We proudly bring you the 16th Part of our list of the year’s most infectious extreme metal songs. For more details about what this list is all about and how it was compiled, read the introductory post via this link. To see the selections that preceded the two I’m announcing today, click here.
In different ways, both bands we’re featuring today have their tongues in their cheeks — but their music also has the capability to tear yours out and use it for a bookmark.
THE MONOLITH DEATHCULT
I suppose our adoration for TMDC knows no bounds — or so one might think from the volume of words we’ve spilled about their new album, Tetragrammaton. For example, these words by our reviewer Mr. Synn:
“Their music is dark, oppressive, and brutal – but also relentlessly energetic, knowingly pompous, and impressively self-aware…. Right from the start you can tell that this is the sequel to the superfluously awesome Triumvirate. Yet it’s more than just a mere carbon copy or continuation. Everything that album brought to the table is still there – the ostentatious synths, the audacious symphonic pomposity, the back-breaking death metal brutality, the darkly intelligent lyrical themes and vicious vocal hooks – yet twisted and reworked just so to provide a new experience, a newly refined recipe for disaster….
photo by Veleda Thorsson
Mark your calendars: About one hour ago, this statement appeared on Profound Lore’s Facebook page:
“AGALLOCH will release their glorious fifth full-length album The Serpent & The Sphere on May 13th (North America)…. The album was recorded and mixed by legendary producer Billy Anderson, the result being the band’s most enormous sounding album to date.”
That is all. Is that not enough?
(In this post you’ll find Austin Weber’s review of the new album by Canadian/Swedish band Culted.)
In the heart of winter, doom metal often makes for a great soundtrack to the season, as both the cold and doom have a common nature — they both desire to choke the life out of you. This is where Culted come in. They are a group of talented Canadians with a vocalist based in Sweden who together have utilized the internet to collaborate and give humanity top-notch doom that swells with an intense aura of bleak misanthropic rage.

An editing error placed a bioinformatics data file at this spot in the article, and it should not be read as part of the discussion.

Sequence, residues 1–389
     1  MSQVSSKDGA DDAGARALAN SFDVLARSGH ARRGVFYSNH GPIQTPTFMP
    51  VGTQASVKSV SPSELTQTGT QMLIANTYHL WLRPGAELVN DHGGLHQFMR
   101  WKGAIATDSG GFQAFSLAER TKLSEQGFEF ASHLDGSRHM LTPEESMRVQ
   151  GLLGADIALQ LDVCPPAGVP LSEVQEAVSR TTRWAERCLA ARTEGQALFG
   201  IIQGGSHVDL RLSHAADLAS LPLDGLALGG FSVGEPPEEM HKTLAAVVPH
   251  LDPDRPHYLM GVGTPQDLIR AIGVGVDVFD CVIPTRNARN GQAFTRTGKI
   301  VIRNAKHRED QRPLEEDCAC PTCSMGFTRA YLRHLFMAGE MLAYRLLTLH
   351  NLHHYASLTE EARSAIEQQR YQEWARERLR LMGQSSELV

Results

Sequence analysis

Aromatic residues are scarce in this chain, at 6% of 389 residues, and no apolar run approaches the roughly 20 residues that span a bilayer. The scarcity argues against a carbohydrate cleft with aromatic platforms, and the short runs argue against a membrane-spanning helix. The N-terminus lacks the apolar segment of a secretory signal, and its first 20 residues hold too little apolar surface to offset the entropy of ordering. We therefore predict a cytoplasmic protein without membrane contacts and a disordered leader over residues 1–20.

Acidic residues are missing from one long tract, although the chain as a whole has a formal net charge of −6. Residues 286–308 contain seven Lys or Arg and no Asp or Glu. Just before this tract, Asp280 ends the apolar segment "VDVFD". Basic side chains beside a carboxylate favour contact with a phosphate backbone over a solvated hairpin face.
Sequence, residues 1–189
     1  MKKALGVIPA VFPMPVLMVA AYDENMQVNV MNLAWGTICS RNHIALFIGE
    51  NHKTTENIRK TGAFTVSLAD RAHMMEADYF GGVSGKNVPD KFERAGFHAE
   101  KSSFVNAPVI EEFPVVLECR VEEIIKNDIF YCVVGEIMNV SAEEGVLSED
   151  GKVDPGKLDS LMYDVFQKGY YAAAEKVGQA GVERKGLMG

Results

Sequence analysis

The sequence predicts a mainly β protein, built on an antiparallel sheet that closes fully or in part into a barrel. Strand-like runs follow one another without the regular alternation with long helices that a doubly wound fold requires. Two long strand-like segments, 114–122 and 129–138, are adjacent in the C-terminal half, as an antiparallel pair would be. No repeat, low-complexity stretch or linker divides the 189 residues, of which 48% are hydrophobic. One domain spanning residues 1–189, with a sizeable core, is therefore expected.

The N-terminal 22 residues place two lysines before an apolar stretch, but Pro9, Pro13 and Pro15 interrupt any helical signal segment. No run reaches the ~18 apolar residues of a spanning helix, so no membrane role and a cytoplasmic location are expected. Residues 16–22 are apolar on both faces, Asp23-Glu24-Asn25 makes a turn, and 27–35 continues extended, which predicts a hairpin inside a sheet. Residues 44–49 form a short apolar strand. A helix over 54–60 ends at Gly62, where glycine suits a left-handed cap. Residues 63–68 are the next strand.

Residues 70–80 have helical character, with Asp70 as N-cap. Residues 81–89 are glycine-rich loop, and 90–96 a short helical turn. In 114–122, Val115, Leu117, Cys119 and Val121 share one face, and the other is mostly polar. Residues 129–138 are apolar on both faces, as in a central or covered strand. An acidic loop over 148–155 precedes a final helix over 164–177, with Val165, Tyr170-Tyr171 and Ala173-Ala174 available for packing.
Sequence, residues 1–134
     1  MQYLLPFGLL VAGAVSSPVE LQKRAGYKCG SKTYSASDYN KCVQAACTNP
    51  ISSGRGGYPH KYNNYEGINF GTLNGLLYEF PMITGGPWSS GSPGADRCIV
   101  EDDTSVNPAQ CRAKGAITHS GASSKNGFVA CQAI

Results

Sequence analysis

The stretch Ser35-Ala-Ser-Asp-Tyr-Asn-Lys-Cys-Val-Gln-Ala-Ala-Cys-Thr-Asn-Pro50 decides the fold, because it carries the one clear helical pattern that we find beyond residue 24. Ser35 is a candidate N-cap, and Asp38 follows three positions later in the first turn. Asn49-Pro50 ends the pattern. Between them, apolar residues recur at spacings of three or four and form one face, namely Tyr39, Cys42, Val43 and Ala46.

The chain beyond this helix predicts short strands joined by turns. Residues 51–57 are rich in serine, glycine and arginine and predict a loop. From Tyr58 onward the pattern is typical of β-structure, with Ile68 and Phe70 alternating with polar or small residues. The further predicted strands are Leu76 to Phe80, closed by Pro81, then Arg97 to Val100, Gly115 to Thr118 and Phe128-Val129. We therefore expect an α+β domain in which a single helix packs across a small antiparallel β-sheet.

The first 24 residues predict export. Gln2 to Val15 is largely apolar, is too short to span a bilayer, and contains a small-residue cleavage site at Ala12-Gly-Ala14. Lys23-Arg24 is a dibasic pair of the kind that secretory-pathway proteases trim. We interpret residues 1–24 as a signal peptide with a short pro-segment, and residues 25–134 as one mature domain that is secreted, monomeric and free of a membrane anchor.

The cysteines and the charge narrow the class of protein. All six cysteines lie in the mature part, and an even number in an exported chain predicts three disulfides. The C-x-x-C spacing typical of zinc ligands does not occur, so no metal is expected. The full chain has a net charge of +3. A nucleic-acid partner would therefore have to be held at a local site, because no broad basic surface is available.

The artwork certainly draws you in quickly, its imagery of a cloaked figure peering out at decay providing a visual glimpse into the crawling cold punishment explored on Oblique to All Paths. This is unsettling doom, bound in a sense of torment that seeps from every note and scream. Oblique To All Paths is sludgy, sometimes drone-y, and graced with piercing black-metal, reverb-soaked screams. Culted have a tendency to dress up the desolate proceedings in soundscapes that capture a morbid and mellow Swans-esque feel. This being a doom record, there are copious amounts of reverb and feedback swirling around, which only serve to magnify the deliciously suffocating and quite tripping duality conjured on Oblique To All Paths.
(In this post TheMadIsraeli enthusiastically reviews the new, second album by Pennsylvania’s Fisthammer.)
Now this is some no fucking mercy shit right here. Fisthammer (dat name) play some no-nonsense, frigid, piercing, putrid death metal. Calling to mind Carcass, Dying Fetus, Misery Index, Hate Eternal, Immolation, some old At the Gates, and Origin, their sophomore album Infallible is indeed, for lack of a better term, infallible. This Downingtown, PA threesome are a death metal titan to be reckoned with. Summoning all that is sinister and alien, Fisthammer’s sound is that of third-world torture, absolute fucking carnage laid bare with explosive fury. The riffs are tasty, the vocals putrid and waste-covered, the drumming unrelenting, technical and filled with detail. Combine this with progressive tendencies, and Infallible may find itself as a first candidate for defining albums of 2014.
The first bit of physical abuse comes in the rather proggy opener “Arithmos Tou Therou”. Eerie chords, tremolo-picked on classical guitars, ring in, before the introduction of a riff that sounds like a funeral procession. The drawn-out intro sets the tone perfectly, before Fisthammer assault you with a blistering volley of tremolo-picked guitar interplay. The guitar work is pronounced yet intricate and shows an insane level of sophistication. Guitarist and vocalist Max Svalgard has the gift of the riff, on top of his bestial roars from hell itself, driving the music.
This is a collection of new songs and videos I discovered over the last 24 hours. Some of it, but not all, is black metal. I’ve used that “Shades of Black” label again because there’s a lot of dark, malevolent power in all the music — and a lot of evil fun to be had, too.
I heard from this Polish band two weeks ago, with the news that their debut album We Are the Hunt was set for release on January 20. I dicked around and failed to pounce on it, but yesterday I did discover both a lyric video for “Warspite” and a second song from the album, “I Rot Inside”. They’re both supremely good, and although I’m now very interested in hearing the whole album, I’m so behind in writing reviews that I at least wanted to make sure I said something about these two songs.
I suspect that many Polish death metal bands get tired of being compared to Behemoth or Hate, or maybe they’re flattered? I do mean to flatter Loathing with those references, although I don’t mean to suggest they sound exactly like either of those other magnificent bands. Their music does convey a similar kind of demonic majesty, the huge booming riffs and spine-shaking drum beats thundering with titanic might, the occult melodies writhing like freed serpents, the deep vocals roaring with malignant power (and howling with passion in the second song).
(BadWolf reviews the debut album by a Dutch black metal trio known as Fluisteraars, which was released a few days ago by Eisenwald.)